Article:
With the debate over the increasing costs of healthcare continuing, the Senate Finance Committee Wednesday sought to determine whether the tax policy for health care is accomplishing what was intended.

Effectively, the question governing the proceedings was, “Are we getting our money’s worth?” according to committee chairman Charles Grassley, R-Iowa.

Until now, the default answer for Congress to the issue of health care tax policy has been tax subsidies, Grassley noted.

“Instead of charging down that path, however, we need to take a step back,” he said. “Too often here in Washington, people try to solve problems by throwing money at them.”

Grassley pointed out in 2005, federal expenditures due to health care tax policy equaled $177.6 billion, and health care tax incentives are expected to cost the government nearly $2 trillion over the next 10 years.

The most expensive single tax policy on health care is the exemption for employer provided health care, which costs the government more than $100 billion annually by itself, added Sen. Max Baucus, D-Mont., the ranking member of the committee.

“This committee has a responsibility to review the incentives in current law,” Baucus said. “We need to decide whether the benefits are worth the costs.”

Testifying at the hearing, former Treasury Secretary Paul O’Neill called on lawmakers to consider overhauling the system significantly.

“American health care policy is in desperate need of reframing and rethinking based on a return to first principles,” he said. “Fundamental tax reform, financial security for retirees and access to medical care for all Americans are not separate subjects. In the absence of coordinated policy and legislative action by this committee, there is no hope.”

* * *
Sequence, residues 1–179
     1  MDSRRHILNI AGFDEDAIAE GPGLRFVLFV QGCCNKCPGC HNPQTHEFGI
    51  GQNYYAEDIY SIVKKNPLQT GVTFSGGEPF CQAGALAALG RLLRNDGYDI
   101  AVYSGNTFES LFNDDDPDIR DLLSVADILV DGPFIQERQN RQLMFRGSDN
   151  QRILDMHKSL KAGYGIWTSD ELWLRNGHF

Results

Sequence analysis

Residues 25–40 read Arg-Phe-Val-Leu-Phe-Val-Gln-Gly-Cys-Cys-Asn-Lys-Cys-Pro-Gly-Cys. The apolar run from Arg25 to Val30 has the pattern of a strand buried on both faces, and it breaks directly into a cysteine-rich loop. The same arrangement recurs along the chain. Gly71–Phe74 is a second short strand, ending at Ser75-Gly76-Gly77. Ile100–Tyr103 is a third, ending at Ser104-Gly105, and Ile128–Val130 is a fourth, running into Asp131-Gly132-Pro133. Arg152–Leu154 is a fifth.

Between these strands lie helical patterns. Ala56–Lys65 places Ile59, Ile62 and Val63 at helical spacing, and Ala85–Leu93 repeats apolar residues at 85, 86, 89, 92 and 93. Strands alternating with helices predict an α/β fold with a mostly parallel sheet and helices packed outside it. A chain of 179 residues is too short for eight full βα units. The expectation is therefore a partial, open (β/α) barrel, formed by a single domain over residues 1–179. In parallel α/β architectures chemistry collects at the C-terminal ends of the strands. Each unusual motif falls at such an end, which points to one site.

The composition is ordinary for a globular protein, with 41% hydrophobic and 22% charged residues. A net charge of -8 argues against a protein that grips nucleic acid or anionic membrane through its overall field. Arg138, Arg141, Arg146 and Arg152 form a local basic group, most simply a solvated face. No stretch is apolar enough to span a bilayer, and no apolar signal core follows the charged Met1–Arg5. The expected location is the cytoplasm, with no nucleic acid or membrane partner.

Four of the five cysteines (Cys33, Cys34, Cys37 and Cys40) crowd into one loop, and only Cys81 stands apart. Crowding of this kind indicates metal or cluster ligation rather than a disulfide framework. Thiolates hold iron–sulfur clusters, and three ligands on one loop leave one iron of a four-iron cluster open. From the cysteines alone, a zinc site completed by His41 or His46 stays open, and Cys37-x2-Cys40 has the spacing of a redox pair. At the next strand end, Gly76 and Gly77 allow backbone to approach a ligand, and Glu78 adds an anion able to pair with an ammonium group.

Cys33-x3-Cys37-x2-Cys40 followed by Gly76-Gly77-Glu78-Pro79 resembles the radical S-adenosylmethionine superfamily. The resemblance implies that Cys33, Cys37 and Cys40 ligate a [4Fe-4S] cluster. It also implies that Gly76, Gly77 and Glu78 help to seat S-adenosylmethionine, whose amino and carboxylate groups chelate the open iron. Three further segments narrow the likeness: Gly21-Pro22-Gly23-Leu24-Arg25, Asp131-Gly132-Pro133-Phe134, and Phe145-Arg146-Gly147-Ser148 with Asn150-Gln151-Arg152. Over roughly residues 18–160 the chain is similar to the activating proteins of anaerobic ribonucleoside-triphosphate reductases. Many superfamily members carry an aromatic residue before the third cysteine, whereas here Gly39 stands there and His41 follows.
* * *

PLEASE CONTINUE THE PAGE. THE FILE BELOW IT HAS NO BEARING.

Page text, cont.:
Among O’Neill’s proposals was to require all Americans to purchase a minimum level of health coverage, with those with a higher income subsidizing lower-income individuals. Additionally, he advocated improving the performance of health care professionals.

Leonard Burman, senior fellow at the Urban Institute and codirector of the Tax Policy Center, suggested fixing what he called the “upside down” tax subsidy.

“Currently, the largest subsidies go to those who have a strong incentive to get health insurance, even absent a subsidy, while those for whom health insurance is unaffordable get little or nothing,” he said. “A better option would replace the tax exclusion with a refundable credit targeted at those earning less than the median income.”

The simplest proposal was offered by Robert Lane, chairman and chief executive officer of Deere & Company, who appeared as a representative of the Business Roundtable. To reduce the costs of health care, Lane suggested lawmakers increase the availability of products such as health savings accounts, flexible spending accounts and health reimbursement arrangements. These products decrease the overuse of healthcare services, he argued.

He called for increasing opportunities for individuals to use these products, and to allow FSA accounts to be used to help cover the HSA deductible. He also urged increasing the FSA contribution limit and allowing employers to vary the contribution amount to an FSA for different types of employees.